Second, leadership will be decisively consequential. That Dr Mahathir Mohamad has returned as prime minister, at 92 and after a 15-year hiatus, was unsurprising because he spearheaded PH. Dr Mahathir so far has kept the deal with his coalition partners, particularly Parti Keadilan Rakyat (PKR, or Keadilan), whose de facto leader is Anwar Ibrahim. Keadilan won 47 seats and the Democratic Action Party (DAP) earned 42, while Dr Mahathir's Parti Pribumi Bersatu Malaysia (PPBM, or Bersatu) got just 13, with Party Amanah Negara ending up with 11.

Mr Anwar received a royal pardon and was freed from jail just days after the poll results. At the same time, Mr Najib and his wife were banned from leaving the country and will now face a full frontal investigation without state instruments and the BN's party machinery to help them. Dr Mahathir also said he would be in office for just "one to two years" before handing over the reins to Mr Anwar. This was the deal.

But Dr Mahathir may later be tempted to stay on longer, as the trappings of power become too hard to let go. Moreover, his politician son, Mr Mahathir Mukhriz, may now be on the rise, which would incentivise Prime Minister Mahathir to be partial to his own offspring. Perhaps not, but a leadership struggle in the coming months should not be dismissed. Mr Anwar himself, at 70, may want to turn his vindication into a vendetta against those who persecuted him. He also may feel fit and entitled to rule over everybody else because Keadilan did so well.

The lesson for Dr Mahathir comes from Thailand. Unless institutions and mechanisms of changes of government and political mobility are clearly set and strong, leaders tend to hang on as long as they can, often beyond designated terms. In places like the Philippines or Indonesia, where there are term limits, leaders have to leave on time but they want to leave lasting legacies, proxies and nominees. A good example for a leader who left as pledged, even though he could have stayed longer in office, is coup-appointed General Surayud Chulanont, who insisted on holding elections in December 2007, while the military wanted to prolong its coup time.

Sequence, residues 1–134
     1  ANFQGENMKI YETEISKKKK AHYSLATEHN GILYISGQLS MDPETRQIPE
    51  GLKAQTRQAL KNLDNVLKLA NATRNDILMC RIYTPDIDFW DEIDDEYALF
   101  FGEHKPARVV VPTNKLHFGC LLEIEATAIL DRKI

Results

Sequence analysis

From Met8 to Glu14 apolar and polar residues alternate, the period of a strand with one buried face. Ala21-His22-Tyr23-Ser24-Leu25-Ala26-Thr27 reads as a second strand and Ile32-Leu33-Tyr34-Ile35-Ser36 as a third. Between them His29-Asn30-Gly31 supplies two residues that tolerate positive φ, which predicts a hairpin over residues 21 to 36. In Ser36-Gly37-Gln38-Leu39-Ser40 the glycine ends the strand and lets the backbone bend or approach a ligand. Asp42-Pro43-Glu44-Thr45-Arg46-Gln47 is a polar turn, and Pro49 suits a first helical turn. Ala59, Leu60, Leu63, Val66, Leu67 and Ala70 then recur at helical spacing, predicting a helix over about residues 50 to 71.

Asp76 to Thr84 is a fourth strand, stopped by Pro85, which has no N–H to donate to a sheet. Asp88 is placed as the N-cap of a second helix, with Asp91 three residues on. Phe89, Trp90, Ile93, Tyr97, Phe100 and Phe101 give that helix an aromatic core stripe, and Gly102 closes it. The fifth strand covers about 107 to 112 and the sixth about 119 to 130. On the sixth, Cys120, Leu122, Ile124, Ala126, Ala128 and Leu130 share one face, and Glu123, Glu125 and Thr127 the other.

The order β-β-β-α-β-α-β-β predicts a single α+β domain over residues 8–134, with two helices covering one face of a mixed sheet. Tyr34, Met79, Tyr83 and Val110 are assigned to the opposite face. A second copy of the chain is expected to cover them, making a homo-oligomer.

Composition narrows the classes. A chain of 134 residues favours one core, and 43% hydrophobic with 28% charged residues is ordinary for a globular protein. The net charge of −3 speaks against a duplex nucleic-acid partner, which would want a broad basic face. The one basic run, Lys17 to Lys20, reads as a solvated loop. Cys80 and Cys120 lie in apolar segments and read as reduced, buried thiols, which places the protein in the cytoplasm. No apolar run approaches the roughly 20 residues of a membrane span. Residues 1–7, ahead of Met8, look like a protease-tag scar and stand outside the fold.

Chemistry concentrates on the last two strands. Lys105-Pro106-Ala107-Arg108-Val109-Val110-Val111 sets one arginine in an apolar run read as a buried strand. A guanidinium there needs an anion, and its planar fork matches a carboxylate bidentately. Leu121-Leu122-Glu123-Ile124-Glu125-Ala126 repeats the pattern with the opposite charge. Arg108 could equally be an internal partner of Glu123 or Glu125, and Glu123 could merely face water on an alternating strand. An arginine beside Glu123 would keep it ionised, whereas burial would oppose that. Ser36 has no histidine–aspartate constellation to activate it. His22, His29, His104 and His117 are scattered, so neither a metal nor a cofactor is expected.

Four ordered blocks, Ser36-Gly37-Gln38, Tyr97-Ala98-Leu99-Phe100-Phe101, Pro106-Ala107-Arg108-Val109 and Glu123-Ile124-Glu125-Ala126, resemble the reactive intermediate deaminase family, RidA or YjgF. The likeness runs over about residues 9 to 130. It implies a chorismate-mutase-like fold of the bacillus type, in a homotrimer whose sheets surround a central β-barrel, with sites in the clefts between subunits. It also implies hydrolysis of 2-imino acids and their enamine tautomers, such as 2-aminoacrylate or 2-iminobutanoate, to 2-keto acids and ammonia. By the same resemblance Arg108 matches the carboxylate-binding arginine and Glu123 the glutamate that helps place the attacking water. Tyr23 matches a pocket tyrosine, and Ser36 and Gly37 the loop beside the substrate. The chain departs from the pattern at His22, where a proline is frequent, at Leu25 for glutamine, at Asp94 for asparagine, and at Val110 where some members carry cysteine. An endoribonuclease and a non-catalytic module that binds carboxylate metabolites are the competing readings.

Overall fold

The best leadership outcome for Malaysia is for the aged Dr Mahathir to leave as promised, and for Mr Anwar to also leave soon after he takes over. That way, Malaysia can usher in a new generation of leaders for a fresh, new horizon.

Finally, the Malaysian anti-corruption and anti-abuse tidal wave suggests it could be repeated in Thailand, especially with the yet-unquantified powers of social media. The Thai people are notorious for putting up with bad governments but there is a limit to it. In 1973 and 1992, they took to the streets and overthrew military dictatorships. At other times, they wait for polls. It is very plausible that we may see an anti-military tsunami on the eventual polling day in Thailand. The profound and fundamental difference is that Thailand at this time does not have a viable and attractive PH. This is what is needed in Thailand, not just to get rid of the military government but also to provide a fresh, new course ahead for Thai politics.